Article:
In February 2004, Milliken became president and CEO while Grayson remained chairman of the board. One of Milliken’s first steps was to raise the price of the company’s products to $795 annually for Alibre Design, $1,295 for Alibre Design Professional, and $1,795 for Alibre Design Expert, a newer more expanded version of the software. A free stripped down version, Alibre Design Xpress was launched in mid-2004. Xpress drew large numbers of prospective users to the company’s web site and a significant number ended up as paying customers for Alibre Design.
Alibre never became the $100 million business Grayson expected, but it did become a profitable business. It continues to be an interesting chapter in the evolution of the CAD industry. As this is written, the company’s software is being sold by VARs as well as on-line although the on-line approach is the company’s preferred sales and support vehicle. Its board of directors include individuals such as Jeremy Jaech, the founder of Visio and Mike Maples, a former executive vice president of Microsoft.
Aries Technology was organized in Lowell, Massachusetts in November 1984 by Larry McArthur, Richard Miller and several other ex-Applicon and Computervision managers including Gerald Christopher, Peter Pritchard, Dr. Jack Horgan, Arthur McCray and Jerry Sabath. McArthur was the only one who had not previously worked for one of the early CAD vendors. He had been president and general manager of Gould’s Measurement Systems Division.
McArthur was Aries’ president and CEO, Miller headed up marketing, Christopher finance, Pritchard sales, Horgan product development McCray software development and Sabath hardware development. The company raised $22.5 million in venture funding over the next three years including an investment from Eastech Limited Partners, one of whose principals was Fontaine Richardson, a founder and former vice president of Applicon.
The company’s objective was to provide software that could be used during the conceptual phase of product design. The term they used to describe this process was “predictive engineering.” Two years after being founded, Aries introduced its first product, the IBM PC AT-based Aries ConceptStation, at AUTOFACT ’86 in Detroit. Both bundled (AT200) and unbundled (AT1200) versions were sold with prices starting at $32,000 for the unbundled version and $49,900 for a bundled configuration. The early ConceptStation systems required a Aries-built Graphics Engine in order to achieve reasonable interactive performance on the PC AT.
In an attempt to provide an “open system” Aries selected Microsoft’s Xenix implementation of UNIX as its PC operating system. The early Aries’ application software included a precise solids modeler, kinematics analysis and finite element modeling as well as other analysis software. A Design Rule Processor enabled engineers to tailor this process to incorporate the design steps most applicable to the product being worked on. A lower cost version of the ConceptStation, the AT1100, was introduced a few months later with prices starting at $21,850.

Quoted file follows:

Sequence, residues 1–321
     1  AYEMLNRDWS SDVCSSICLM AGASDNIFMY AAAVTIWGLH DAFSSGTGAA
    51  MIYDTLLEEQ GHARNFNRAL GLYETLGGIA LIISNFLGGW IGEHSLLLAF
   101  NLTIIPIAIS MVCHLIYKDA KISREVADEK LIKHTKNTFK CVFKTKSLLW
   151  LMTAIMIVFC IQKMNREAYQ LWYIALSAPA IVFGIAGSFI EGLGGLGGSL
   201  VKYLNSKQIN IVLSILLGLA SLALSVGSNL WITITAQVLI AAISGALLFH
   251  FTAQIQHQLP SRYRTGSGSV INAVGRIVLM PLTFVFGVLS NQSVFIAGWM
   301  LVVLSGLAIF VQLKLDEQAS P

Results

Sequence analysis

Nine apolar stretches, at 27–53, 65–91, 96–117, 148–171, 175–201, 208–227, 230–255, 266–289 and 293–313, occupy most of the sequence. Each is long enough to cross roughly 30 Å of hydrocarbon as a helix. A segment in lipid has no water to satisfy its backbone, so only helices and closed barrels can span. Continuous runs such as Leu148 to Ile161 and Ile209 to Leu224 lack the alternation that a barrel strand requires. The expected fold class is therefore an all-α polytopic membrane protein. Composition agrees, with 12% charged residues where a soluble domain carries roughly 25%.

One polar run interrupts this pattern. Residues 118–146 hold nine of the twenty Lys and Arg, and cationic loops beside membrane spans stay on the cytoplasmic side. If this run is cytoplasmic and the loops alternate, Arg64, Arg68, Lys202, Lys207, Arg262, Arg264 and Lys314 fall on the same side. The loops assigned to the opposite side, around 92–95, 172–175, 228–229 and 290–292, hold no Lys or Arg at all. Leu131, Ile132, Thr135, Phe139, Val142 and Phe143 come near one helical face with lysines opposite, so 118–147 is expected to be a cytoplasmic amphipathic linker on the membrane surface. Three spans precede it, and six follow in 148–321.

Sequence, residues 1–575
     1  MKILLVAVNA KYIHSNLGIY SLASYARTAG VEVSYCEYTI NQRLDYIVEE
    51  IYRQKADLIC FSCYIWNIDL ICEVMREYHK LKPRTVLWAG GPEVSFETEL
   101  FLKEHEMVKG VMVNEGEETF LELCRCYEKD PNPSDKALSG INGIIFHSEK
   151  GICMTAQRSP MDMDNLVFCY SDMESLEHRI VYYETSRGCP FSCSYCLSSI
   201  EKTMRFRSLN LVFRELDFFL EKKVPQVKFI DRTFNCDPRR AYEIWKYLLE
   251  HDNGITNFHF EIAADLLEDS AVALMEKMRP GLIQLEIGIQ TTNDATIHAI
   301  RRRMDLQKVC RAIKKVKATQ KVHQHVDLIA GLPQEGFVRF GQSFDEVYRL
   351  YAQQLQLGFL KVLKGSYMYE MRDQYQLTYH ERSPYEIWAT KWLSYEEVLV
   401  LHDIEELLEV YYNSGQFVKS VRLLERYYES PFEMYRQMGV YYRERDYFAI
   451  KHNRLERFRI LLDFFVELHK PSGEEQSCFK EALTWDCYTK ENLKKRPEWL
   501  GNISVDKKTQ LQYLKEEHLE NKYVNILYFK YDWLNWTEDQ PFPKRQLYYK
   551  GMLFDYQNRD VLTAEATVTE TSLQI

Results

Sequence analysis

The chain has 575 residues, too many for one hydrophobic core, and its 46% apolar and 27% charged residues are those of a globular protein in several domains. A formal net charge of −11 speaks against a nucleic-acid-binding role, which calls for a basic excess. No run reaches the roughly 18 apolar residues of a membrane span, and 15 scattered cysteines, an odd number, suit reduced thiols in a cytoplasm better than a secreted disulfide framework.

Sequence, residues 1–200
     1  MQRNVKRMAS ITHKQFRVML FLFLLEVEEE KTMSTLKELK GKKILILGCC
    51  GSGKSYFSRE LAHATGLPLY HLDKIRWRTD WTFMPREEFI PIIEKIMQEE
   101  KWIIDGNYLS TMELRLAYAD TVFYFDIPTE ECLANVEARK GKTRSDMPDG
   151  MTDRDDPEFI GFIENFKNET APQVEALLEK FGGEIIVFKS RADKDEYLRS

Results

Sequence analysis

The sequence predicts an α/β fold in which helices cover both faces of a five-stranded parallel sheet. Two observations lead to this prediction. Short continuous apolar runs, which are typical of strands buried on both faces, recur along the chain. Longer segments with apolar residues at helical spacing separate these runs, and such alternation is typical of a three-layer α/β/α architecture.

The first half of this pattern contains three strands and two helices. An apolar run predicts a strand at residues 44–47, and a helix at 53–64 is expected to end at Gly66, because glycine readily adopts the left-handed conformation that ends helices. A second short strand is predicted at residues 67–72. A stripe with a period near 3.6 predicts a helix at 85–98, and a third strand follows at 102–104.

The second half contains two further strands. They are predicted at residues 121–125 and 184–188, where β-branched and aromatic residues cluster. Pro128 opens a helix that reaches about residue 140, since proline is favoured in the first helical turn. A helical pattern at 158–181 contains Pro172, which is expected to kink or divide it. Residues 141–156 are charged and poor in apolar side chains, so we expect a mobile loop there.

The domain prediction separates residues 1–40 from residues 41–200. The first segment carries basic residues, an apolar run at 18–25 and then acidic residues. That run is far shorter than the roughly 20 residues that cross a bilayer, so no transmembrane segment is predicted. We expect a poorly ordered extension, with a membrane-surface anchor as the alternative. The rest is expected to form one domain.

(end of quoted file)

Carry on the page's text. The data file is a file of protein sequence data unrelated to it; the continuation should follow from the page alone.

Over the next few years, Aries developed partnerships with a number of other software firms including Swanson Analysis Systems, Mechanical Dynamics Incorporated, MacNeal-Schwendler Corporation (MSC) and Autodesk. As a result of these relationships, Aries began to include subsets of analysis programs such as Swanson’s ANSYS and MDI’s ADAMS in its ConceptStation software. The company also began to support most commonly available UNIX workstations as well as Intelbased PCs. As the hardware performance increased, the need for a custom graphics accelerator decreased and Aries ceased manufacturing its proprietary Graphics Engine.
In August 1989, Aries signed an agreement with Ford Motor Company under which Ford invested $6 million in the company and agreed to purchase an unspecified amount of Aries software products. This turned out to be an important relationship in that Ford had previously established a major technology project, Alpha Simultaneous Engineering. This was a 450-person organization under the leadership of Dr. Howard Crabb whose mission was to develop improved products and processes that could be transferred to the rest of the company. Much of their efforts centered around the use of ConceptStation as the conceptual design tool that could help the company significantly reduce design time as well as create better products.